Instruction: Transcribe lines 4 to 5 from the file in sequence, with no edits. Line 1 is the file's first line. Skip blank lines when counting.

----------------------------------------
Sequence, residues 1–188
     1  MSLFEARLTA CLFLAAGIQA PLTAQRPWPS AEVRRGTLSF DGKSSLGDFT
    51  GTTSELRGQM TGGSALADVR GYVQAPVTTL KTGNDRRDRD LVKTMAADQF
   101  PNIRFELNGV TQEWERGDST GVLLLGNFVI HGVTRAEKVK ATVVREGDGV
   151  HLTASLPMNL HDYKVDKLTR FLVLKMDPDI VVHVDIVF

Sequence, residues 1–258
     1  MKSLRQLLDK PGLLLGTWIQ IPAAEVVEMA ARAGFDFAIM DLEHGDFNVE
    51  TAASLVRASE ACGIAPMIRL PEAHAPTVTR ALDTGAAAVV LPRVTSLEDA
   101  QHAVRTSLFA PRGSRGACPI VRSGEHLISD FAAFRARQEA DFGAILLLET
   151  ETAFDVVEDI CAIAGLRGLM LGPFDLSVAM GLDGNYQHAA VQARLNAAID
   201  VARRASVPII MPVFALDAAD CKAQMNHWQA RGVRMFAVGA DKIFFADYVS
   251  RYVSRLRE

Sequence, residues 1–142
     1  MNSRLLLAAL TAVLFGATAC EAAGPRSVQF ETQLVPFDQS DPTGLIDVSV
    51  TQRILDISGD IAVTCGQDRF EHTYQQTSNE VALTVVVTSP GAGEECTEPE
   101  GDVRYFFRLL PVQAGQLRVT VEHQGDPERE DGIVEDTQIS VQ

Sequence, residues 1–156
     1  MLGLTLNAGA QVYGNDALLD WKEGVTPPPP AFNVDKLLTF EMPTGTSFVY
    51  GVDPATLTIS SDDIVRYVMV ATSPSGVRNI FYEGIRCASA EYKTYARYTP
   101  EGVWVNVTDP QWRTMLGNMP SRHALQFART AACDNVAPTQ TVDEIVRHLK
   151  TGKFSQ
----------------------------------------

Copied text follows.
   101  PNIRFELNGV TQEWERGDST GVLLLGNFVI HGVTRAEKVK ATVVREGDGV
   151  HLTASLPMNL HDYKVDKLTR FLVLKMDPDI VVHVDIVF